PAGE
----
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The outlook for interest rates and what it means for your savings

With the Bank of England set to decide on interest rates this week, we look at what a rate change could mean for you and your cash, and how to get your money working harder.

Important notes

This article isn’t personal advice. If you’re not sure whether an investment is right for you please seek advice. If you choose to invest the value of your investment will rise and fall, so you could get back less than you put in.

This article is more than 6 months old

It was correct at the time of publishing. Our views and any references to tax, investment and pension rules may have changed since then.

There’s speculation the Bank of England (BoE) may cut interest rates at their meeting on Thursday.

This could cause a domino effect for your savings because there’s a link between the base rate set by the BoE and the rate banks and building societies offer savers.

The rumours have been fuelled in the past few weeks by comments from three members of the BoE rate setting committee.

The Governor, Mr Carney, said that interest rates could be cut if economic performance continues to be weak. And both Gertjan Vlieghe and Silvana Tenreyro have hinted that they could vote for a cut if data doesn’t show an improvement in the economy since December’s General Election.

At the last meeting, the group that sets interest rates voted 7-2 in favour of keeping rates at 0.75%, so only three votes need to swing to drive through a cut.

What do the investment experts think?

Before it was announced that inflation had fallen a couple of weeks ago, the markets were split on whether interest rates would be cut at this meeting, although they still expected one by March.

But after inflation fell to 1.3%, the markets are now more confident of a rate cut this week. This is because low interest rates tend to nudge inflation higher, which could help the BoE get closer to the government’s 2% target.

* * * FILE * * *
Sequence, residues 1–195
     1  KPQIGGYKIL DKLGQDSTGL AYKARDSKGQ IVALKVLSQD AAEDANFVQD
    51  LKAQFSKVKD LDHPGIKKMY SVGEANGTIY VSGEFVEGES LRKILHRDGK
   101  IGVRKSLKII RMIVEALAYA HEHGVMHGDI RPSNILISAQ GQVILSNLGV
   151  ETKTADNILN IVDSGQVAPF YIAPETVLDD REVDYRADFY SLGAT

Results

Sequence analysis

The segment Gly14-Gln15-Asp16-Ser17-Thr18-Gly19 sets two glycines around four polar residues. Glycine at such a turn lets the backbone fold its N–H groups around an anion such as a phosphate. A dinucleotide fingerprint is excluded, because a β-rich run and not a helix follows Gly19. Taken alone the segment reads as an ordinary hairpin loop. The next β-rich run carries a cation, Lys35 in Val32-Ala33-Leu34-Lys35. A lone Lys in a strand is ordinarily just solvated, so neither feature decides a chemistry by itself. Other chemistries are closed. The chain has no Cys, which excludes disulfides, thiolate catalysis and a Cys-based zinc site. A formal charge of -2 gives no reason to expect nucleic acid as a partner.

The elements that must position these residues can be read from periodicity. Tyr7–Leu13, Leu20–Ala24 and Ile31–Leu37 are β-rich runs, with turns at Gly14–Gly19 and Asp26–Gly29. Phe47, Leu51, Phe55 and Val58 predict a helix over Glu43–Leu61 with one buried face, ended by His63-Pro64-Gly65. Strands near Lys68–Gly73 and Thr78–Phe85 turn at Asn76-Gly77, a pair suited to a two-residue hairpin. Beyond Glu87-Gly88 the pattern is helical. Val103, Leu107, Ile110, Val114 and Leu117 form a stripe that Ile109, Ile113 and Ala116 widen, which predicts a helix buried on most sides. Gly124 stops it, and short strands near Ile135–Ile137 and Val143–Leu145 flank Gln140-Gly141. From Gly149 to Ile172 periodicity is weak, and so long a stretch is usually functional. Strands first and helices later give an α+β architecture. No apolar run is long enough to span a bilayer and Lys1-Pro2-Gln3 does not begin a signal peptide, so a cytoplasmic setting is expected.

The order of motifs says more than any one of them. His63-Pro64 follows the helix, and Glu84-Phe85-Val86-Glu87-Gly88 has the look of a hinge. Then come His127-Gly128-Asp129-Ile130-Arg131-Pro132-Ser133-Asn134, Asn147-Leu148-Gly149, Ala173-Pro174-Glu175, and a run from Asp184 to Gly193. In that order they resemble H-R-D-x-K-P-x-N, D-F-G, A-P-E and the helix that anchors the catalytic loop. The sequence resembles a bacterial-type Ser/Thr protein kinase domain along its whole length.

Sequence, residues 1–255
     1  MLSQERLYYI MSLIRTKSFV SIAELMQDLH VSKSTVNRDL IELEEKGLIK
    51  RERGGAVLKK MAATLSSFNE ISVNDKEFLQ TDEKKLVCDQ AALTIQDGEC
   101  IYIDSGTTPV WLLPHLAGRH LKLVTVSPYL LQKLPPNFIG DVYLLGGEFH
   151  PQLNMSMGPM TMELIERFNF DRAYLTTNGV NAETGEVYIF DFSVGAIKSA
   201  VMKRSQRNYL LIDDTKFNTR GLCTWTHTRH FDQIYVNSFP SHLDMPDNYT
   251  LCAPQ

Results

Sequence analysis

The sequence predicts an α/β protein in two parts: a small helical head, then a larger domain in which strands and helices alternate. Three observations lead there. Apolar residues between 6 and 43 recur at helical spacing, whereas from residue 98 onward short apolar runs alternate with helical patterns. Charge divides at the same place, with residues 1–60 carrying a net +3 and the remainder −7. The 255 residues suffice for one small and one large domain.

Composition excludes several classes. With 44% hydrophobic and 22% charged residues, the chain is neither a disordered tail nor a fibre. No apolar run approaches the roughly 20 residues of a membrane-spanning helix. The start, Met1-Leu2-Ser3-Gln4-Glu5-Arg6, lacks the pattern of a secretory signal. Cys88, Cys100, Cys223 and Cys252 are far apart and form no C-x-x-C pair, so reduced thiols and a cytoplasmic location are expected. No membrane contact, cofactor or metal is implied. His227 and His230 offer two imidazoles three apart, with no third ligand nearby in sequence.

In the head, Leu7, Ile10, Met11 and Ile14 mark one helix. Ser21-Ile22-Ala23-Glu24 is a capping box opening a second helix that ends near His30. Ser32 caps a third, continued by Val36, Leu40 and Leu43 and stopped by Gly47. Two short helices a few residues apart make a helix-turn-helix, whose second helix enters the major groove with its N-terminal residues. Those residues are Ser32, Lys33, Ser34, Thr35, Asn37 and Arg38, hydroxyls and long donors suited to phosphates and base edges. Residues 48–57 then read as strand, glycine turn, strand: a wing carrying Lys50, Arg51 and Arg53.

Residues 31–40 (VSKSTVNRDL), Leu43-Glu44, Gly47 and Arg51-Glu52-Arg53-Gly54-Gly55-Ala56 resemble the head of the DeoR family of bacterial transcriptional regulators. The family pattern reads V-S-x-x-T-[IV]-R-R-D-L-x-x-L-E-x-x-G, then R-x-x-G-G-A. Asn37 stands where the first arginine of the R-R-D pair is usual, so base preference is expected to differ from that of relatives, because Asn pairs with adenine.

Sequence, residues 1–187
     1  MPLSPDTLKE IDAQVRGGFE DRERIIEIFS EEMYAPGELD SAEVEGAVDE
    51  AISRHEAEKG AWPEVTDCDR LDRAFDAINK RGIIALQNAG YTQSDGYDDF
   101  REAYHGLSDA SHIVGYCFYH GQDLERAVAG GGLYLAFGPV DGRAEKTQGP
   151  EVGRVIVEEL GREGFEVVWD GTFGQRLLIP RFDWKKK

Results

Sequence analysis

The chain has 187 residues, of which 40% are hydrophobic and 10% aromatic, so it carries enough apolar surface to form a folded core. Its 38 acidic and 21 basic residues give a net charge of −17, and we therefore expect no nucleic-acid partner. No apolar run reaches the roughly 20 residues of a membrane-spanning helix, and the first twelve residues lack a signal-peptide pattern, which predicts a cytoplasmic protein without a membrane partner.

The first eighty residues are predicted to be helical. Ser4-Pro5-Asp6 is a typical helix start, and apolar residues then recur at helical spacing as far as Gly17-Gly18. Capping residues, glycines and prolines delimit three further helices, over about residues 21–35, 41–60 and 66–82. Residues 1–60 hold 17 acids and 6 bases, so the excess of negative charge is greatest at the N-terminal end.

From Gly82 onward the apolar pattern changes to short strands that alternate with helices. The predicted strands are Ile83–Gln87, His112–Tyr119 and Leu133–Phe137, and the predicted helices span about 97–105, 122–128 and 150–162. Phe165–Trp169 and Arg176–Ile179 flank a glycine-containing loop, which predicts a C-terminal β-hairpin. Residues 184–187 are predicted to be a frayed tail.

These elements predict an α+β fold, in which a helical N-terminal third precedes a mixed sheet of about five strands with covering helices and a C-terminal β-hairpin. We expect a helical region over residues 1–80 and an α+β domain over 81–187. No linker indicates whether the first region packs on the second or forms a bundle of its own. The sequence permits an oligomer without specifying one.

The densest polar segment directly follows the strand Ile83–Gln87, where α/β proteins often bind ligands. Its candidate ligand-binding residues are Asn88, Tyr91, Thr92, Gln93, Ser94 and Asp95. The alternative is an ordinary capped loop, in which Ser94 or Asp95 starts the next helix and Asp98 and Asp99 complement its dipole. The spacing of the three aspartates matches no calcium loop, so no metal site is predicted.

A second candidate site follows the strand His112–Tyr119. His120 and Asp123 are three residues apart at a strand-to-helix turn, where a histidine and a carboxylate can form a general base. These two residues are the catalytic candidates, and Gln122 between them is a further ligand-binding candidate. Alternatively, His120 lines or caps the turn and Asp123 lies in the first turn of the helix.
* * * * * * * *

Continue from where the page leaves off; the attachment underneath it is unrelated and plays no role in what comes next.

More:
In our recent survey of investment fund managers, 50% think rates will be between 0.5% and 0.75% by the end of the year. A third think they could be between 0.25% and 0.5%. Just 10% expect us to end the year with higher rates than we have now.

What does this mean for your savings?

The rates that banks and building societies offer are partly based on their own predictions for UK base rates. So to some extent, the rates on offer may already take into account the prospect of a cut. But as the following table shows, the last time base rates were cut back in 2016, savings rates continued to fall in the months after.

Base rates vs average savings rates

Source: Bank of England

But as we’re not hearing any noises of base rates rising, the immediate future looks challenging for savers. In fact we’ve recently seen some big names cutting the interest rate on some accounts, including Santander who has announced a reduction on the rate offered through their 123 account from May.

But that’s no excuse to sit on your hands

With savings rates falling, the quickest way to boost your cash is to take stock of what you’re currently getting, what type of account it’s in and see if it’s competitive. This doesn’t have to be a tiresome task.

Most of the UK’s savings is sat in instant access accounts. But the average instant access savings rate pays just 0.41% including unconditional bonuses. You can currently get almost three times this amount on an easy access product through Active Savings.